The bare tree branches make it easier to spot visiting birds and you can always take part in the RSPB’s Big Garden Birdwatch, which has been monitoring the drastic decline in our bird population since 1979.
The sharp-eared can listen out for the vocal exchanges between little owls or barking calls of flirtatious squirrels, while more intrepid winter walkers may head to the coastline on the lookout for treasures washed upby winter storms.
The chapters are not a day-by-day guide to the natural calendar, but a series of snippets of seasonal delights, with occasional offbeat and quirky facts thrown in for good measure.
You can find out about an ancient ceremony in Herefordshire to banish evil spirits, for example, or learn some of the score of different regional names for the humble woodlouse, or chiggywig.
Along the way there’s time to recall the horrors of the Big Freeze of 1963 or how the red kite was brought back from extinction to become a familiar sight once more, soaring on the thermals over the Chiltern Hills and elsewhere across the country.
Before you know it, you’ll be in February – the shortest month of the year, with Valentine’s Day a reminder that nature also has an extraordinary array of courtship unfolding during the month.
True, it’s a little early to say spring is on its way – but the almanac provides a perfect way of keeping the winter blues at bay until those welcome longer days arrive.
The Almanac 2019 by Michael Bright and Karen Farrington features a foreword from Chris Packham and is published by BBC Books at £12.99.
WINTERWATCH will return to BBC Two next year, broadcasting live from a new location in the wildest landscape of the UK – the Cairngorms National Park – which is to be the new, year-round home for The Watches.
Presenters Chris Packham, Michaela Strachan and Gillian Burke will host the wildlife extravaganza, kicking off the year in the depths of winter in one of the toughest places in the country for our animals.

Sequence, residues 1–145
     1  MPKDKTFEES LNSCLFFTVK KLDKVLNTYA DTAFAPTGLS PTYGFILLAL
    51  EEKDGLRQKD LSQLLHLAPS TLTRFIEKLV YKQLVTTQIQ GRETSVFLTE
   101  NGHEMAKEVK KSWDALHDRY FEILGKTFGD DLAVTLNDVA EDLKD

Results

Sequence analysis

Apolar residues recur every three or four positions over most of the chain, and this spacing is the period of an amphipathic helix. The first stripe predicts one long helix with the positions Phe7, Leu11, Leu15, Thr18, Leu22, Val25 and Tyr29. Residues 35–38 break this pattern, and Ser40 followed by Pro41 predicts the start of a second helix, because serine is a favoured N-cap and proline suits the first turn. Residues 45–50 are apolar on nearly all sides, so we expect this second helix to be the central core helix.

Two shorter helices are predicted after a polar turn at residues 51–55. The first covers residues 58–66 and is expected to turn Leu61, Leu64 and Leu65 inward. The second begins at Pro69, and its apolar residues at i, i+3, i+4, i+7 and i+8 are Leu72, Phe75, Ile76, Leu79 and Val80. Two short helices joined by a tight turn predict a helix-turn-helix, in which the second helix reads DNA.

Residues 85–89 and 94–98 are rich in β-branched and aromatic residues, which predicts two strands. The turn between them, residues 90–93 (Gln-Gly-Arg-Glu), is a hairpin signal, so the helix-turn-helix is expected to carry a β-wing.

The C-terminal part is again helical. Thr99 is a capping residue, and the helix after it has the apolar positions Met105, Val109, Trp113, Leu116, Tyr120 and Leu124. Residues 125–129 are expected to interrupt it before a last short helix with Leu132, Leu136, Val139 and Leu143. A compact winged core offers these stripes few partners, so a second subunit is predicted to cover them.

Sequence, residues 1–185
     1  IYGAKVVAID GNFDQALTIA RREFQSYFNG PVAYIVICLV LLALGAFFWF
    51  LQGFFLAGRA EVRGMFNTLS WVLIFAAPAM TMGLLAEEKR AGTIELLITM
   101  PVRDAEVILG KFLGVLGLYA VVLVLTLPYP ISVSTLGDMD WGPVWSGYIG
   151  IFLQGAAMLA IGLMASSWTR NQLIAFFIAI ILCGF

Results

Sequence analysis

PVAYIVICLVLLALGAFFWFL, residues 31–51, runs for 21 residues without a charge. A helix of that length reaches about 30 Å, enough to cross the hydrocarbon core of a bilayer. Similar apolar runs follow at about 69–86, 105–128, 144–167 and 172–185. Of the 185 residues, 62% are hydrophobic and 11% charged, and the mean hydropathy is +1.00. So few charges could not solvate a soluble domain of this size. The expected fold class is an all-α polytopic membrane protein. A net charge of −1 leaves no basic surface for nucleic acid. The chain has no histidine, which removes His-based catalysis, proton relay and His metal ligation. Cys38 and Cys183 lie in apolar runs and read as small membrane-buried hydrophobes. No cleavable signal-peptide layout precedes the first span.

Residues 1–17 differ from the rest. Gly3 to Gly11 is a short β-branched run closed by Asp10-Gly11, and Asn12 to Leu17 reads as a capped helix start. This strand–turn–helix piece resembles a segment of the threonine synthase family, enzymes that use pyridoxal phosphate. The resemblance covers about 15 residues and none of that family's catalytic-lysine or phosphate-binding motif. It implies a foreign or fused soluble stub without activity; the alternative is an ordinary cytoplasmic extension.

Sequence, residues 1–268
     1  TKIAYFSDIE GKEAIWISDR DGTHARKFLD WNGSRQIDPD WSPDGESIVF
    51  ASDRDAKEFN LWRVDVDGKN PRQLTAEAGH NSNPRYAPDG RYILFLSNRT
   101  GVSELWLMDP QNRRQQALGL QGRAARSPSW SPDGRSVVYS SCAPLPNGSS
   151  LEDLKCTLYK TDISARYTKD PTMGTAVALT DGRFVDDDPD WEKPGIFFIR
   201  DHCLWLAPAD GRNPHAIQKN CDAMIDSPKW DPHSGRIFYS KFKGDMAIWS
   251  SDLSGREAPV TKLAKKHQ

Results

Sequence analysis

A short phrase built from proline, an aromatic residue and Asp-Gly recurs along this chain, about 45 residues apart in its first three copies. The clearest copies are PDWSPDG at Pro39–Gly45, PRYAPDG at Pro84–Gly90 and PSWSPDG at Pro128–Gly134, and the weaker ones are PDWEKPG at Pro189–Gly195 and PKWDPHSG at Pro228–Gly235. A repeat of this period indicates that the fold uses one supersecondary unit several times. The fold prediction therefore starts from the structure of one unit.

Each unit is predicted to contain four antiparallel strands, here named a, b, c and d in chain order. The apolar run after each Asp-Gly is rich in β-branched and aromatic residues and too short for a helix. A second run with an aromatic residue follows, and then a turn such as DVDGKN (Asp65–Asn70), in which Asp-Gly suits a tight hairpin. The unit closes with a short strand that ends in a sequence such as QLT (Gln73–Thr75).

The freezing temperatures and blanket of snow make this an extreme environment to call home, and the team will explore how the local wildlife adapts to get through this toughest of seasons.
Winterwatch will only be the start though, as The Watches will come back throughout the year to cover the changing seasons in Springwatch and Autumnwatch, keeping up with some of the key year-round residents such as golden and white-tailed eagles, red squirrels and pine martens, as well as meeting the seasonal arrivals as they flock to this wild landscape in spring and summer.
By staying for a full year, the team will get to know the area like never before, exploring the snow-capped mountains, ancient forests, raging rivers and deep, silent lochs in intimate detail. The Cairngorms are home to some of the most revered and rare wildlife in the UK – and The Watches will follow that life as the seasons change, unravelling exactly what it takes to survive in this great Scottish wilderness.
The Winterwatch studio will be based at The Dell of Abernethy, a lodge built in 1780 which sits on the edge of the Abernethy Caledonian pine forest and is perfectly placed to link viewers to the whole of the Cairngorms. From here, the team will be able to showcase the whole region, seeking out the wildlife that thrives in this challenging habitat, and looking at the people and projects working to conserve it; including the UK’s largest landscape-scale conservation project, Cairngorms Connect.
As ever, the Watches will also reflect the wildlife issues and spectacles across the UK in a series of pre-recorded films for each series – showcasing the diversity of habitats and species that make this group of islands a truly unique place for wildlife.
Michaela Strachan said: “I’m so excited to be going to the Cairngorms for Winterwatch. It’s such a stunning place. Full of wildlife, dramatic, wild and very, very cold! The wildlife always delivers from Golden Eagles to Mountain Hares, Wild Cats to Black Grouse, Ptarmigan, Pine Marten, Red Squirrel, Water Vole, Otter. The Highlands have a wonderful diversity of wildlife and habitats. It’s one of those places in the UK where you can really connect with the natural environment.”
Chris Packham said: “Scotland – land of the brave, home of the wild and hope for the UK’s wildlife. This is the happening zone in conservation and home to the most amazing diversity of sexy species. I can’t wait.”
Winterwatch will return to BBC Two in January 2019. The Watches are produced by the BBC Studios’ Natural History Unit.